Based on an old surrealist game, Kinderlit’s Exquisite Corpse pairs up three illustrators to collaborate on the creation of a character; the catch is that none of three know who the other two are, nor what their contributions look like. To add a little twist, after we assemble the pieces we send the creation to a children’s book author to write a little something inspired by our Exquisite Corpse.
Of note for educators and parents- please review. This story could be frightening for some readers.
When morning came, the stitch-maids were finished. They sat back from the work bench, cricking their crooked necks, slipping worn thimbles from their fingers, and plucking their silver needles from the corpse.
Marta, the youngest of them, reached up to adjust the cloth that covered her eyes. Seven hours they had been sewing the body, and in darkness the whole time. When the Doctor had shown them the blindfolds, they had laughed at him. How could they stitch, if not by sight?
‘Madness,’ old Klara had said when he’d summoned them to his lodgings on Rathstrasse. ‘What sort of Doctor are you?’
Marta had nodded. ‘We need to see what we’re working on, sir.’
Frieda stood back by the door, saying nothing, as was her way. She would listen until the last moment, and then decide for the three of them. Marta remembered her eyes, though: shining like coins in her head.
‘He thinks we’re white-hearted because we’re women.’ Klara had looked contemptuously at the blindfolds, sucking on her last tooth, her old mouth puckered up as if she might spit – but of course she did not.
‘Well,’ she’d said instead. ‘We are stich-maids, sir. We’ve seen every manner of murdering men can do. Some so foul, I couldn’t even call it butchery: you wouldn’t slaughter pigs the way we’ve seen some people killed.’
‘And we stitch-maids mend it, sir,’ Marta had said, interrupting Klara lest she lose them the customer. ‘Best as we can. Put the body back together so the family can say goodbye. So if it’s the horror you want to spare us from, sir, you can–’
‘It’s not horror he wants to hide from us.’ That’s what Frieda had said at last. ‘It’s the law.’
The Doctor’s face had been as stone until then. But now he smiled and lit one of his thin cigarillos on the candle flame. The smoke curled from his lips, smelling of cardammon and tar.
‘He doesn’t want us to see what body we’re working on because he’d hang for it,’ Frieda had said. ‘It’s no normal corpse we’re to mend for him. That’s why we’re to work with our eyes covered.’ Snatching the blindfolds from his grasp, she’d motioned to his waistcoat. ‘And that’s why he’ll pay us that whole purse for our trouble.’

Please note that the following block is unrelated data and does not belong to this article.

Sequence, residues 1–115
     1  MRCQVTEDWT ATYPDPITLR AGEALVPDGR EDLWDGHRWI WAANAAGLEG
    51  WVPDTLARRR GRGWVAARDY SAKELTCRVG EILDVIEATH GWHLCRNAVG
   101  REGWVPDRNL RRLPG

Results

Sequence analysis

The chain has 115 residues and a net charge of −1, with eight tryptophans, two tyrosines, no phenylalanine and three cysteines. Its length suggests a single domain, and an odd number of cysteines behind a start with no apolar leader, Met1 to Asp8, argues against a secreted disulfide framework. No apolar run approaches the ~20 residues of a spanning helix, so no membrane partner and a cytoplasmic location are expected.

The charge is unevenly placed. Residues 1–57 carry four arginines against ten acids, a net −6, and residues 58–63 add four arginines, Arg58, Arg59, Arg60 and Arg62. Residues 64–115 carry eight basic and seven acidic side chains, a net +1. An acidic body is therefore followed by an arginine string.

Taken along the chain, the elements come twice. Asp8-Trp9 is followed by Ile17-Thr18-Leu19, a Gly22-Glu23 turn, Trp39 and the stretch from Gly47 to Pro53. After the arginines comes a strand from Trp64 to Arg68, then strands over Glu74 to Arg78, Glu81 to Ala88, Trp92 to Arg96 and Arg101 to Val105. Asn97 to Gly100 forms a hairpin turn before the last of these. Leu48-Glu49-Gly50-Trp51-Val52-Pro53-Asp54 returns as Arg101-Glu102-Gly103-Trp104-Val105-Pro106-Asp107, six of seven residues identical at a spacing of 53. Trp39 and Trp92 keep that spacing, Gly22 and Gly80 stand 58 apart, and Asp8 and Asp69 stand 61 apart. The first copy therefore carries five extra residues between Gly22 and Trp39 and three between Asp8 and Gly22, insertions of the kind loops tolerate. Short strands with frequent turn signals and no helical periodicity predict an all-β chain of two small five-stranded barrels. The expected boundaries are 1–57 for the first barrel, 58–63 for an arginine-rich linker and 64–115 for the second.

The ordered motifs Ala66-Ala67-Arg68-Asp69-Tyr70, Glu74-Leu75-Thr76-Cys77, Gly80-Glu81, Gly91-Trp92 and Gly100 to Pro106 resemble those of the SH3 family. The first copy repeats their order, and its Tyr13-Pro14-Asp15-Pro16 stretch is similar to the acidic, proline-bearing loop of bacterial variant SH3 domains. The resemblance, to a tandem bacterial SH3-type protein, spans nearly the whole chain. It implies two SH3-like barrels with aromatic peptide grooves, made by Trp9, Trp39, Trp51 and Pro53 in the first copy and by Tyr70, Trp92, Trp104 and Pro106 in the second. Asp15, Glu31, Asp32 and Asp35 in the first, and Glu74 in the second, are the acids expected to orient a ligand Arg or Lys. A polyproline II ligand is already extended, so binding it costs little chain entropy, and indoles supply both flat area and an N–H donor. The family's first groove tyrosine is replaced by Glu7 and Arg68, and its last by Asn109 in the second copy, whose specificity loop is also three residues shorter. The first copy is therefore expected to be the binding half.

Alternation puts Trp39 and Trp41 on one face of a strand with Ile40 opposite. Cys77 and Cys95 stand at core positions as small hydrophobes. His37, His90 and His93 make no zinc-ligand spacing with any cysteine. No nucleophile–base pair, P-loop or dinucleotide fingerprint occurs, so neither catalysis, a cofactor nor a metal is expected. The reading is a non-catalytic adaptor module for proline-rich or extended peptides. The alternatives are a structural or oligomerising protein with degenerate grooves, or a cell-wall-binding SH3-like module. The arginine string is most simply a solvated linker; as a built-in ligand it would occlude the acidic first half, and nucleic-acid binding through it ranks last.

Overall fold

Marta remembered the way the Doctor had looked down at the bulge in his jacket pocket. Eyes surprised, his smile pushed to the corners of his mouth. She remembered how he’d pulled out a leather moneybag, plump and puffed up and shiny like a blister ready to pop. Tossed it onto the table, so the clasp broke open. The coins, clattering and bursting from the insides, had all gleamed gold. One of them rolled off onto the floorboards and hit Marta’s clog and came to a rattling stop in the silence.
It was a florin.
They were all florins.
Marta’s heart had started to thud, then. She had seen more coins before only once in her life, when a highwayman had been killed fleeing from the bank on Gelderstrasse, and spilled bank notes and blood all out onto the street. Even between the three of them, and with Frieda taking the biggest share like always, a purse of florins was a fortune.
I could go pay the schoolmaster, Marta had thought in those few dizzy moments. He could learn me my letters.
And yet old Klara had held on to her stubbornness, the same way she held on to her last tooth. ‘How are we supposed to work when we can’t see what we’re stitching?’ she’d grumbled. ‘And what do you mean, he’d hang for it?’
And at last the Doctor had spoken – the only thing he’d said in all the time since they made the bargain. His voice was like the cigarillo smoke: languid and hypnotic and somehow, underneath its pleasantness, foul.
‘I shall direct your stitching,’ he said. ‘I will give precise instructions. And please believe me when I tell you: the blindfolds are not just for the safety of my life, but yours as well.’
Marta hadn’t known what he had meant then, nor had she thought about it much during those long sightless hours when they worked their silver needles into the corpse on the table, with the Doctor’s cardammon and tar of his cigarillos so strong she gagged a few times, and his foul voice whispering in their ears:
‘A long seam down this part… Use finer thread here… The stitches must be closer.’
But now, she remembered those words. Not just for the safety of my life, but yours as well.
Because here at the end of their stitching, her blindfold had slipped.
The knot must have loosened as she had knelt over the body, head bowed as if in prayer. Even though she had tied it so tight, her ears had ached from being pinned to her head.
The rag fluttered from her face and she winced from the blinding glare of the oil lamp, its light coming through her eyelids in painful yellow shards. Her hands scrabbled in her lap, but she could not find the blindfold. Perhaps it had slid down her dress and onto the floor.